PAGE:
Artist: Bachman-Turner Overdrive
Title: Roll On Down The Highway
Source: LP: Not Fragile
Not Fragile was the most successful album from the Canadian band Bachman-Turner Overdrive, being their only LP to hit the #1 spot of the Billboard album chart. It was also the debut of second lead guitarist Blair Thornton, who replaced Tim Bachman in the band originally founded by his brother Randy, former lead guitarist of the Guess Who. A third Bachman brother, Rob, co-wrote (with bassist Fred Turner) the second top 20 single from the album, Roll On Down The Highway. The album title itself, according to Randy Bachman, was actually a parody of Yes's Fragile album title, which Bachman thought was "strange." He said he figured that BTO's music, on the other hand, could be dropped and kicked without breaking; thus the title Not Fragile.
Artist: Grand Funk
Title: We're An American Band
Source: 45 RPM single
Writer: Don Brewer
In 1972 I was the bass player/vocalist in a power trio that played a lot of Grand Funk Railroad, Black Sabbath and the like. Shortly after that band split up I started taking broadcasting classes from Tim Daniels, an Air Force Sergeant who had previously worked for the Armed Forces Vietnam Network (the same station that Adrian Cronauer worked at, although at that time nobody outside the military had ever heard of him). That led to my first regular airshift on the "Voice of Holloman" a closed-circuit station that was piped into the gym and bowling alley and some of the barracks at Holloman Air Force Base, New Mexico. One of the hot new records that the station got promo copies of was We're An American Band, pressed on bright yellow translucent vinyl with the stereo version on one side and the mono mix on the other. I snagged one of the extra copies Capitol sent and have somehow managed to hang onto it over the years.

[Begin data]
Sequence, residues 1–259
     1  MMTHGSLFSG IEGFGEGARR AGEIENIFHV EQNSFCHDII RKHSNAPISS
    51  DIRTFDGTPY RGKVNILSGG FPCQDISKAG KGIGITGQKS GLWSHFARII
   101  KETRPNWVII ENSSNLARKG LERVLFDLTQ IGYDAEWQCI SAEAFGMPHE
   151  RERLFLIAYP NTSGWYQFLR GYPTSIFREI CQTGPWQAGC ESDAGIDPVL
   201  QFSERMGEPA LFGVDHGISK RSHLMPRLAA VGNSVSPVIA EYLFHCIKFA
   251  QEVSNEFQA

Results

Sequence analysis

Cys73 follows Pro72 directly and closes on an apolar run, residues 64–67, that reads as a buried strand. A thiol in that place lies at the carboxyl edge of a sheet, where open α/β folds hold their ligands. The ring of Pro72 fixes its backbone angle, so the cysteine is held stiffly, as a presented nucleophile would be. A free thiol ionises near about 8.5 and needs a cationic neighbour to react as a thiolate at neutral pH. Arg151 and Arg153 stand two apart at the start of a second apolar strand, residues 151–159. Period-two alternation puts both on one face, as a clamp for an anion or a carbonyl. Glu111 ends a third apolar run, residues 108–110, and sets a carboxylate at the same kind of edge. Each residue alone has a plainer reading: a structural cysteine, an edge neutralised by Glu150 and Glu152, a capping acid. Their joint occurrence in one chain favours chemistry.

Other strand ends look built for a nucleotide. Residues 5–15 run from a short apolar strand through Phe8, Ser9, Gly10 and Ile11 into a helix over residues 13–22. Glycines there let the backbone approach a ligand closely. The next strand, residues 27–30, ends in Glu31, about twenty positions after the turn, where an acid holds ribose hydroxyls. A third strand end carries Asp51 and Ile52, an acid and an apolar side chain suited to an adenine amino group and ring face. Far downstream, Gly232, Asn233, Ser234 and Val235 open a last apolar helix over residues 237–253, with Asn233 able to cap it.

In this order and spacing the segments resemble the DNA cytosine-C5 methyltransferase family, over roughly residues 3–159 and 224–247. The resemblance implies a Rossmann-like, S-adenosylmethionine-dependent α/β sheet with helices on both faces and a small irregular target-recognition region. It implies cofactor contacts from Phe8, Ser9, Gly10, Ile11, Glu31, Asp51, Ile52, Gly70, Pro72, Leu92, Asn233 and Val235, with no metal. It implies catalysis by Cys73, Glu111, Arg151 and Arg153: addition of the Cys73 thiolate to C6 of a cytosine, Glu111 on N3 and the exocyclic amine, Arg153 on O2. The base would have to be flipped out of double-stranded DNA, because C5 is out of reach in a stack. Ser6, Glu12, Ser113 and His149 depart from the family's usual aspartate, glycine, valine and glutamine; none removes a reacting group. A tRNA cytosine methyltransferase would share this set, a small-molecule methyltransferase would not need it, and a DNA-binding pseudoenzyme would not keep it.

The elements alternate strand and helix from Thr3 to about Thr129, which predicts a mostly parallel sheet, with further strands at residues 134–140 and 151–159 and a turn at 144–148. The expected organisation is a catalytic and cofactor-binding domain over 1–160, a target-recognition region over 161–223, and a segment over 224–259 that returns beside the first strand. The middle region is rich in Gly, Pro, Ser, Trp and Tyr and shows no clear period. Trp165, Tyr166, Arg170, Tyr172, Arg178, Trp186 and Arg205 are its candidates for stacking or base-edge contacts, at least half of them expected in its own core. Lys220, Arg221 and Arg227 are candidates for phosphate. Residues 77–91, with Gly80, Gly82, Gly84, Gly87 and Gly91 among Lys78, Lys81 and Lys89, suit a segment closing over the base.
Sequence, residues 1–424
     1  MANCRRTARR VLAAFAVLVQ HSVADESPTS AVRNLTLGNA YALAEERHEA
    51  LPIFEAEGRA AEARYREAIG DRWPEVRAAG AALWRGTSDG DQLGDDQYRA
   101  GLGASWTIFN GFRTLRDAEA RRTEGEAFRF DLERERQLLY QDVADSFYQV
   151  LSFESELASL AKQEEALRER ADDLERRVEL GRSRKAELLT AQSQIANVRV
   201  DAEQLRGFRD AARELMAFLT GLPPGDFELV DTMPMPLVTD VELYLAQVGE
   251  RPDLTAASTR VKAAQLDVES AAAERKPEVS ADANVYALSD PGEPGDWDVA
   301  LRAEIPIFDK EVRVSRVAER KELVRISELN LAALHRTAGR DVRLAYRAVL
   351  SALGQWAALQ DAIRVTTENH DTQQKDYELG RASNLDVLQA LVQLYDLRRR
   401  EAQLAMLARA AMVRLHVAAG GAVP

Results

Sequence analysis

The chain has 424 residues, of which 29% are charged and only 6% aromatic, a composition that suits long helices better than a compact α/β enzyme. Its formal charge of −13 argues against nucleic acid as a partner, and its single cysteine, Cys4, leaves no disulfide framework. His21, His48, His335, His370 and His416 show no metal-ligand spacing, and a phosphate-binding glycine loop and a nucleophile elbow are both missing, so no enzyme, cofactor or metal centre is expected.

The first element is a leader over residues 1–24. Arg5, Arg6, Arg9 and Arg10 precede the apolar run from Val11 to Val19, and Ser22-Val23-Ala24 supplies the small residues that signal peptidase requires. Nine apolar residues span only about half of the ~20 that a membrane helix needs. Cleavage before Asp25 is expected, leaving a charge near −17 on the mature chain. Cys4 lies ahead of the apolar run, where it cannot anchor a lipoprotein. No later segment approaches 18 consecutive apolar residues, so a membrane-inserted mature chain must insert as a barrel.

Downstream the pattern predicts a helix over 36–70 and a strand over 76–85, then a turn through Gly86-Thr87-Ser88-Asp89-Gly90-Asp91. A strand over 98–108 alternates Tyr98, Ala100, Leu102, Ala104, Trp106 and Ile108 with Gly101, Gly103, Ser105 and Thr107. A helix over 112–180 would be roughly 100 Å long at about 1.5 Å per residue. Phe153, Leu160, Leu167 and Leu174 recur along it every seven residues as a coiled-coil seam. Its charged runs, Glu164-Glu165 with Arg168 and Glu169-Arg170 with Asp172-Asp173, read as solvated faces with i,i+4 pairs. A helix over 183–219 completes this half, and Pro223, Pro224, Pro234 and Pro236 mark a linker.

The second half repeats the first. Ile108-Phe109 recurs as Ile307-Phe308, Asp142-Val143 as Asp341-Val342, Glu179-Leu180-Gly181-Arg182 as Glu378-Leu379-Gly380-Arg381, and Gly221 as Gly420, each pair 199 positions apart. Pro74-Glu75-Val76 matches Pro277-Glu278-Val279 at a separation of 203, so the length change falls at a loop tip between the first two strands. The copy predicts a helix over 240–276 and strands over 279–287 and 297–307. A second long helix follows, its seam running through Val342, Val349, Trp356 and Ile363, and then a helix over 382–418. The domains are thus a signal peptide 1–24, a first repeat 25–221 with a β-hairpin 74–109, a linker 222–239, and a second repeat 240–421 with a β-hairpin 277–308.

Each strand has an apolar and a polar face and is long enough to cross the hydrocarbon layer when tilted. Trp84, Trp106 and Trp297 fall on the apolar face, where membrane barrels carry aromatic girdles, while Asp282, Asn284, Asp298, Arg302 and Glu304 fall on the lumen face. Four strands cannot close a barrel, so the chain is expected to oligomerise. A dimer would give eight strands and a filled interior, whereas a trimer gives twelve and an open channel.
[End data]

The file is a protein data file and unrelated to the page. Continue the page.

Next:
Title: Closer To Heaven
Source: 45 RPM single B side
Writer: Russ Ballard
After the Zombies split up in 1968 keyboardist Rod Argent set out to form a new band to be known simply as Argent. The new group scored its biggest hit in 1972 with the song Hold Your Head Up. The original single was released on April 11, 1972 and ran 2 minutes and 52 seconds. It was backed with a song called Keep On Rollin', written by Argent and fellow former Zombie Chris White. On May 1st the single was reissued with a longer version of Hold Your Head Up (3:15). For the reissue the B side was replaced with Closer To Heaven, a tune written by guitarist/keyboardist Russ Ballard.
Title: Tried So Hard
Source: British import CD: Camembert Electrique (originally released in France)
Writer(s): Christian Tritsch
Label: Charly (original label BYG Actuel)
It's almost impossible to describe Gong. They had their roots in British psychedelia, founder Daevid Allen having been a member of Soft Machine, but are also known as pioneers of space-rock. The Radio Gnome Invisible trilogy, from 1973-74, is considered a landmark of the genre, telling the story of such characters as Zero the Hero and the Pot Head Pixies from Planet Gong. The groundwork for the trilogy was actually laid in 1971, when the album Camembert Electrique was recorded (and released) in France on the BYG Actuel label. The album itself ranges from the experimental (and even somewhat humorous) Radio Gnome tracks to the spacier cuts like Tropical Fish: Selene, and on occasion even rocks out hard on tracks like Tried So Hard, written by the group's bassist, Christian Tritsch.
Title: Space Child/When I Touch You
Source: CD: Twelve Dreams Of Dr. Sardonicus
Spirit keyboardist John Locke used a combination of piano, organ and synthesizers (then a still-new technology) to set the mood for the entire Twelve Dreams Of Dr. Sardonicus recording sessions with his instrumental piece Space Child. The tune starts with a rolling piano riff that gives bassist Mark Andes a rare opportunity to carry the melody line before switching to a jazzier tempo that manages to seamlessly transition from a waltz tempo to straight time without anyone noticing. After a short reprise of the tune's opening riff the track segues into Jay Ferguson's When I Touch You, a song that manages to be light and heavy at the same time.